It would appear that you have what is considered an Enfield-type rifle-musket. They were made between 1859-1862. It's a little difficult to tell from the photo's, but my guess is that it is a type IV. The value on yours (ballpark without being able to look at it in person) would be around $800-$1,000.

    Since it is in rough condition, I wouldn't advise trying to turn it into a shooter. There are plenty of civil war pieces out there that are in shootable condition you could pick up.

    The advice about NOT cleaning it up was sound advice. The minute someone cleans them up, and makes them look like new, the value plummets. If you decide to, I would then estimate the value to drop to the $400-$500 range.

    You should be able to locate an original hammer screw for it though.
  • amsptcdsamsptcds Member Posts: 679
    edited November -1
    Likemhot

    As you can see opinions vary about old firearms.

    As far as shooting it, I was thinking that magnafluxing would tell the tale. I am thinking that you wouldn't consider selling your father's old gun. I would say that this is good, But as you can clearly see there are people who are so hypnotised over the value of a thing, they can't get off the money kick no matter what.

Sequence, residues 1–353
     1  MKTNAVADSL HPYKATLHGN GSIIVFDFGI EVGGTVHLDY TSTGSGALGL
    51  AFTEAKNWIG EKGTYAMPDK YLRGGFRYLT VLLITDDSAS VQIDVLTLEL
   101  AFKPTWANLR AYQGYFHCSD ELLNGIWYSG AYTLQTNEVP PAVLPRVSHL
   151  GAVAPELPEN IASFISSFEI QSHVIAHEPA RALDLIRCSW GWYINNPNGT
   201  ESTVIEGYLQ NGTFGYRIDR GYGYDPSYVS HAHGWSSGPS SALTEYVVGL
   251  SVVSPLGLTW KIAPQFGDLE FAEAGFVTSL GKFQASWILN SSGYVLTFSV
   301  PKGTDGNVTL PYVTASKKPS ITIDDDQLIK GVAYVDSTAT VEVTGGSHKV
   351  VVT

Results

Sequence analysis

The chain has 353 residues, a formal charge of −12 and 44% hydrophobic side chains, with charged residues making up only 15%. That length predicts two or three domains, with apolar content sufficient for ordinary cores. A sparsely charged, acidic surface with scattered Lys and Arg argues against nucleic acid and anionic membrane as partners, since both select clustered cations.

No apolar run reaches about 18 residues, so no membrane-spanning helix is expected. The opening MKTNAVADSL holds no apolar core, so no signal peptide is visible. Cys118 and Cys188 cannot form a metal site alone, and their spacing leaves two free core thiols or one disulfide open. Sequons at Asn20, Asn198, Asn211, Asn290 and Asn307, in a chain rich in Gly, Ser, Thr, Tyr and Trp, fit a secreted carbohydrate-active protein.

If you sell it, NO amount of money can compensate you for the sentimental value of a family object.

    Also be aware that if yopu decide to sell it that you will have to deal with all the subjective opinions of specious experts while they pick at this and pick at that until you want to puke. But they always get you where they want you.
  • dcinffxvadcinffxva Member Posts: 2,830 ✭✭
    edited November -1
    Likemhot, Amsptcds,

    I agree with not getting rid of family heirlooms. The reason I mentioned the values is because of the question in the original post

    "is this gun worth trying to get back in working condition"

    and I think most everyone would agree that it is worth more in it's present condition than restored condition.

    If it is worth more to you to restore it, and have a shootable heirloom, then by all means go for it. Personally, I think that restoring a vintage piece such as this is a bad move.